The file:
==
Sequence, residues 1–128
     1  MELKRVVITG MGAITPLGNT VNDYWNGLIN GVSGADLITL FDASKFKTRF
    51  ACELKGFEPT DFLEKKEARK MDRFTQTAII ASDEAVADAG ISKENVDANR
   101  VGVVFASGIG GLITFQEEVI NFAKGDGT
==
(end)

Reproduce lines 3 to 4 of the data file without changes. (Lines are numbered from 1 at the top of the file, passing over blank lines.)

    51  ACELKGFEPT DFLEKKEARK MDRFTQTAII ASDEAVADAG ISKENVDANR
   101  VGVVFASGIG GLITFQEEVI NFAKGDGT